Download 1,500+ Episodes of the BBC’s Desert Island Discs, Where Famous Guests Name the Songs They Can’t Live Without (1942 to the Present)

Intro­vert, book­worm, home­body… labels I have glad­ly worn through­out my life. I believe in civic engage­ment on prin­ci­ple, but there have been many times in the past few months, indeed in life, when I’ve want­ed to strand myself on one of those prover­bial desert islands, sur­round­ed by my favorite books and records.

But sure­ly one needn’t be an intro­vert to appre­ci­ate occa­sion­al soli­tude and time well spent with one’s favorite writ­ing and music? Not in the least. As the BBC’s Desert Island Discs has shown us, many of the most out­go­ing celebri­ties, known for their con­stant pres­ence in the spot­light, have cul­ti­vat­ed their own inner cast­away.

Or at least many have been hap­py to share what they would lis­ten to and read on a the­o­ret­i­cal voy­age into soli­tude. Since 1942, Desert Island Discs has asked its famous guests to name eight record­ings (not strict­ly lim­it­ed to music), one book, and one lux­u­ry item that they couldn’t live with­out if left alone. One guest, Louis Arm­strong, con­fessed him­self mar­ried to the city and had such a long and suc­cess­ful career as a trum­pet play­er, band­leader, com­pos­er, singer, actor, and all-around per­son­al­i­ty that it’s hard to imag­ine he ever had any time to him­self.

Nev­er­the­less, Arm­strong pos­sessed a key qual­i­ty nec­es­sary for peace­ful time alone: he was a man who enjoyed his own com­pa­ny. In his 1968 appear­ance on the show, Arm­strong told the show’s cre­ator and long­time host Roy Plom­ley that one favorite track he couldn’t live with­out was his own record­ing of “Blue­ber­ry Hill.” His lux­u­ry item? His trum­pet of course. And book? His own auto­bi­og­ra­phy.

Not all the show’s guests have been as intense­ly self-focused in their answers. Kei­th Richards, who owes his sta­tus, said host Kirsty Young, to a “sin­gle-mind­ed ded­i­ca­tion to the tri­umvi­rate pur­suits of sex and drugs and rock and roll,” chose many of his heroes, like Chuck Berry and Etta James. And as a lux­u­ry item, he opt­ed not for a musi­cal instru­ment or an induce­ment to plea­sure, but for a very prac­ti­cal machete.

The long-run­ning Desert Island Discs owes its pop­u­lar­i­ty not sim­ply to famous peo­ple mak­ing lists, how­ev­er; that premise has served through­out its 75 years as scaf­fold­ing for some of the most fas­ci­nat­ing and inti­mate con­ver­sa­tions with artists, actors, politi­cians, and oth­er nota­bles.

In Kirsty Young’s 2016 inter­view with Tom Han­ks, the affa­ble actor—whose list includ­ed Dean Mar­tin, Dusty Spring­field, Talk­ing Heads and a Her­mes 3000 man­u­al typewriter—broke down in tears while telling the painful sto­ry of his lone­ly child­hood. “What have you done to me?” he said to Young, then told her he was try­ing to express “the vocab­u­lary of lone­li­ness.” In 2014, Young pro­nounced artist and 12 Years a Slave direc­tor Steve McQueen—a devo­tee of Prince, Michael Jack­son, and Kate Bush—one of her all time favorite inter­vie­wees for his can­did, engag­ing dis­cus­sion of art as his “sal­va­tion.”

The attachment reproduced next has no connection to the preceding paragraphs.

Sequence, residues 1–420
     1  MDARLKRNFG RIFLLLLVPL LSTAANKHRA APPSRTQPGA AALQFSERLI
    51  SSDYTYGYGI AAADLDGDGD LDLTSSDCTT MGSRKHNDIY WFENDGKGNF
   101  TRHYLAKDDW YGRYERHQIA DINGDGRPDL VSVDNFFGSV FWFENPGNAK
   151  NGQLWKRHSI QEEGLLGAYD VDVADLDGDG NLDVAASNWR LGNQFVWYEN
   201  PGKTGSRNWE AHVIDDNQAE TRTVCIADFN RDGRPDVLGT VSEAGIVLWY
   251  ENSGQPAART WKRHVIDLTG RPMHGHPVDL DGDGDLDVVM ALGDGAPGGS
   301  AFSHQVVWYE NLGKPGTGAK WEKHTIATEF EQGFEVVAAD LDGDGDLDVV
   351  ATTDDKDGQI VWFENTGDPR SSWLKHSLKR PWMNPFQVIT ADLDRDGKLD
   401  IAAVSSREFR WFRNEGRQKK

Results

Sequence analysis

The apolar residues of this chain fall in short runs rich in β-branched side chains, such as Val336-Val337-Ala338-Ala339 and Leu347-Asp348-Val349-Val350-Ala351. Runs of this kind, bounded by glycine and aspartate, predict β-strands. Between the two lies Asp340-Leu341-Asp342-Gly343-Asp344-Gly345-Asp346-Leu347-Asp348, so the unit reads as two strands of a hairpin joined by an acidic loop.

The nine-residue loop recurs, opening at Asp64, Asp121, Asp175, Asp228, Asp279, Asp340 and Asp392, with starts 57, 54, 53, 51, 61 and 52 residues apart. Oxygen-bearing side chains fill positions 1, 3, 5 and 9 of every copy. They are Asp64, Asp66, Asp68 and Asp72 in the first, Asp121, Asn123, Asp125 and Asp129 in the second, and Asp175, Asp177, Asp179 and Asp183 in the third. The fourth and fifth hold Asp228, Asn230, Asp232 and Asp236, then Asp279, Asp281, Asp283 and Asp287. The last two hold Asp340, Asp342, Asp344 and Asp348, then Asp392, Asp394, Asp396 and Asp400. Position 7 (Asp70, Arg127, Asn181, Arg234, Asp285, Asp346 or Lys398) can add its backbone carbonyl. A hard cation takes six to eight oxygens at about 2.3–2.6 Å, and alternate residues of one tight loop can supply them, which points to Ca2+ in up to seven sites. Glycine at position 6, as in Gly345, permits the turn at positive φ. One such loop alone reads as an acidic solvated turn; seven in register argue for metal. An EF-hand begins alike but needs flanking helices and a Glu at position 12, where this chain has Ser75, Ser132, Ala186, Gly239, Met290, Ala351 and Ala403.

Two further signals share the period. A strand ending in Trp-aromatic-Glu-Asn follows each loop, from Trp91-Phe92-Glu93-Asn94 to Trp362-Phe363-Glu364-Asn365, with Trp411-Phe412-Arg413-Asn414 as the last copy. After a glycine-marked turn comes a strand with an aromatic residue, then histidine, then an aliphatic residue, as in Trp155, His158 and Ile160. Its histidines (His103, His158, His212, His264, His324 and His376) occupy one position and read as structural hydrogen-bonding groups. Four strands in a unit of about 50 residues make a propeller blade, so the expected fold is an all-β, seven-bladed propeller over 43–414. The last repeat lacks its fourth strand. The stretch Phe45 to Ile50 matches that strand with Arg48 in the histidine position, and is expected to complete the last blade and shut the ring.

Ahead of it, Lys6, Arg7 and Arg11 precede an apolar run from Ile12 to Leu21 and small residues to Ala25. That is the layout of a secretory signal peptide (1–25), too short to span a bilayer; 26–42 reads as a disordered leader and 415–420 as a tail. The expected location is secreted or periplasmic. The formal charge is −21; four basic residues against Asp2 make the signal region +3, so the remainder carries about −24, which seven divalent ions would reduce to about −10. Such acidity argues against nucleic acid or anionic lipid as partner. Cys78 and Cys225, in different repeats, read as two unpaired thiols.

But of course, no pop­u­lar enter­tain­ment suc­ceeds with­out its con­tro­ver­sies, and Desert Island Discs has had plen­ty of those moments as well. Some­times scan­dalous moments—at least for the show’s host—have popped up in the midst of oth­er­wise excel­lent inter­views. In 2009, Mor­ris­sey sat down with Young for an inter­view that includ­ed “plen­ty of pos­i­tive state­ments,” writes NME, includ­ing “his rel­a­tive ease with life.” Yet she was shocked to hear him defend sui­cide as “hon­ourable… an act of great con­trol.” Whether he meant it or not, true fans of the singer would not have raised an eye­brow.

Anoth­er exchange hard­ly out of char­ac­ter for the inter­vie­wee occurred dur­ing a much less engag­ing con­ver­sa­tion. In 1989, Lady Mosley, aris­to­crat­ic wife of British Union of Fas­cists leader Oswald Mosley, pro­claimed her admi­ra­tion for Hitler and denied the Holo­caust. Host Sue Law­ley seemed “stunned,” the BBC notes, and accused Mosley of “rewrit­ing his­to­ry.” It’s hard to know what else the host expect­ed from a woman The Guardian called “unre­pen­tant” and “Hitler’s angel” upon her death in 2003.

Such unpleas­ant inter­views as Mosley’s are few and far between in the mas­sive archive of Desert Island Discs episodes on the BBC’s web­site, which spans the years 1956–2011, with many more recent episodes on the site as well, like this con­ver­sa­tion with Bruce Spring­steen. Oth­er notable inter­views come from Bri­an Eno in 1991, Yoko Ono in 2007, Maya Angelou in 1987, and Judi Dench just last year. Want to know their picks? You’ll have to lis­ten to the episodes–all of which you can download–to find out.

All of the show’s sub­jects are accom­plished peo­ple, but not all of them have been celebri­ties. The BBC has cho­sen as one of its most mov­ing inter­views a 2016 con­ver­sa­tion with David Nott, who has vol­un­teered as a sur­geon on bat­tle­fields around the world since 1993. Not­t’s har­row­ing sto­ries of over twen­ty years of war­zone trau­ma will like­ly have you con­vinced that among the show’s hun­dreds of guests, he may be most in need of that island get­away.

Giv­en Desert Island Discs’ con­straints of eight record­ings, one book, and one lux­u­ry item, what would you, cast­away read­ers, take with you, and why? Please tell us in the com­ments below.

Relat­ed Con­tent:

Studs Terkel Inter­views Bob Dylan, Shel Sil­ver­stein, Maya Angelou & More in New Audio Trove

Library of Con­gress Releas­es Audio Archive of Inter­views with Rock ‘n’ Roll Icons

Mau­rice Sendak’s Emo­tion­al Last Inter­view with NPR’s Ter­ry Gross, Ani­mat­ed by Christoph Nie­mann

Josh Jones is a writer and musi­cian based in Durham, NC. Fol­low him at @jdmagness

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